Photo: Wikimedia Commons
The funny thing about Italy is that its debt situation, on paper, is not that dire. Its very close to running a primary surplus. Its debt is generally domestically owned.And yet, there it goes on a Greece-like trajectory, terrifying everyone.
So what gives?
One hedge fund manager explained to us a simple issue that has more to do with market structure than fundamentals.
The traditional owners of sovereign debt have not historically been speculators or people reaching for yield. Up until recently, sovereign debt has mostly been treated as risk free (a position that’s been encouraged by regulators).
But when the price of an Italian BTP gets into the mid-80s, with a yield above 7%.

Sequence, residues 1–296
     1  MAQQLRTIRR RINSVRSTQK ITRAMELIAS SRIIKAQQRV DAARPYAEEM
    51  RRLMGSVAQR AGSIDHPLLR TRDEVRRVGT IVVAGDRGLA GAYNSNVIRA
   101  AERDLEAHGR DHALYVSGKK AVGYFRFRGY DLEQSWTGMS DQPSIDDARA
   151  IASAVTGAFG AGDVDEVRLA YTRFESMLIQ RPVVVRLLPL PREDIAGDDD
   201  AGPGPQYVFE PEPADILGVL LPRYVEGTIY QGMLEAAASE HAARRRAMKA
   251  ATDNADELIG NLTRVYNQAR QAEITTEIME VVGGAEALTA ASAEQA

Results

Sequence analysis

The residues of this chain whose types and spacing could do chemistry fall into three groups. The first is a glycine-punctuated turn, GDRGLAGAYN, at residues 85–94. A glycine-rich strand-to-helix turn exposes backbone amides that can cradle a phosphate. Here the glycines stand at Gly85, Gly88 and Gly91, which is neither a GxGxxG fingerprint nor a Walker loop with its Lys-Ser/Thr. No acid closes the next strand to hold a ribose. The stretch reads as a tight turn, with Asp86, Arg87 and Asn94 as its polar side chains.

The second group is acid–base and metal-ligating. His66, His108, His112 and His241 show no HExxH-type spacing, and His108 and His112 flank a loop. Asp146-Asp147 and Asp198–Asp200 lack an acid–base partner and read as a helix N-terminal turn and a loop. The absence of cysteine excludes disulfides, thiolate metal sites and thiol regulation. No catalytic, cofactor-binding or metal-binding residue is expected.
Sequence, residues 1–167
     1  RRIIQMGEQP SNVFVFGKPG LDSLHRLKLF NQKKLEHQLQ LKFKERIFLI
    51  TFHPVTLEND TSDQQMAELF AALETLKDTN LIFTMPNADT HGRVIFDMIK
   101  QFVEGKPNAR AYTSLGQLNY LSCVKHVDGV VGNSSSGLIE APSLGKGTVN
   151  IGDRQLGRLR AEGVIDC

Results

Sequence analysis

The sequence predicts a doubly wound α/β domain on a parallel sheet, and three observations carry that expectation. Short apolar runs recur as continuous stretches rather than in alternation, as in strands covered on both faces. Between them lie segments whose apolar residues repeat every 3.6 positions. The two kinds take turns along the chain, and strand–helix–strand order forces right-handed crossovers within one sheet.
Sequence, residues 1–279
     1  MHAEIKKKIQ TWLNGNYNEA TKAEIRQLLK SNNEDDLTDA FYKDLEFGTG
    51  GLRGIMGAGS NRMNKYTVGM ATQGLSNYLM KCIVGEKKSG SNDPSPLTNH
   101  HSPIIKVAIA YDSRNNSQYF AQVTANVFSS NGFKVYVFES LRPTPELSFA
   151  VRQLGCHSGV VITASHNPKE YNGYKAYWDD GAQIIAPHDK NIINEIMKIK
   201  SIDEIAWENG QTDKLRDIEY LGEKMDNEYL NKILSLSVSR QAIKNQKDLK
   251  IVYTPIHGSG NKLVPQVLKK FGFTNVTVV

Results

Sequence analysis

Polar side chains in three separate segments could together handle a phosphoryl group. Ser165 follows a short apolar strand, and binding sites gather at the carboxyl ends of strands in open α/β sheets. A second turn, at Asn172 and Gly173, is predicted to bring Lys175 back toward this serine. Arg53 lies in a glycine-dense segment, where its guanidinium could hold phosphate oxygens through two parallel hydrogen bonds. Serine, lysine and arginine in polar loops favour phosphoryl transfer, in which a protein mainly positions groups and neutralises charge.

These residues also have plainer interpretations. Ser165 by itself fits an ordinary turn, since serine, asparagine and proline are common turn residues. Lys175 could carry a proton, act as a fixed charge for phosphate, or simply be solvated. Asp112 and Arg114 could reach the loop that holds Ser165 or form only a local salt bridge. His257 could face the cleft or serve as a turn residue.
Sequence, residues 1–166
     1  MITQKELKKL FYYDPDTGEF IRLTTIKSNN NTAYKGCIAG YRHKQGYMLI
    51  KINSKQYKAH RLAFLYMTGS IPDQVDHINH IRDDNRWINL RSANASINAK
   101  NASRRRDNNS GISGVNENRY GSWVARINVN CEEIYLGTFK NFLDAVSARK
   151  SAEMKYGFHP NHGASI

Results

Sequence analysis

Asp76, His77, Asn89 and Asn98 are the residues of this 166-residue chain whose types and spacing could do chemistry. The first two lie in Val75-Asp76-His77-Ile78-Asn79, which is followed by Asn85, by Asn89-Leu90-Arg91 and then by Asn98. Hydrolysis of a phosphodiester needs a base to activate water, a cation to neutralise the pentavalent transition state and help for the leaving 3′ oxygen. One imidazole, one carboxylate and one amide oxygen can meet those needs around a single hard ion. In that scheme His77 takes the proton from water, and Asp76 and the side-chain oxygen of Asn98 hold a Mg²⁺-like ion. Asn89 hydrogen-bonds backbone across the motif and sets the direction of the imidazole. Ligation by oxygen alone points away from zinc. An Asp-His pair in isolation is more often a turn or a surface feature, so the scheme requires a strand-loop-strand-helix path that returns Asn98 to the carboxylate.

Conversely, this level doesn’t tempt most speculators, who might really get excited by the opportunity to buy BTPs in the 60s — some level where the risk is really compensated by some juicy returns.
So it’s not that there’s no value, it’s just that there’ s no natural buyer between the speculator and the buyer looking for risk free.
NOW WATCH: Money & Markets videos
Business Insider Emails & Alerts
Site highlights each day to your inbox.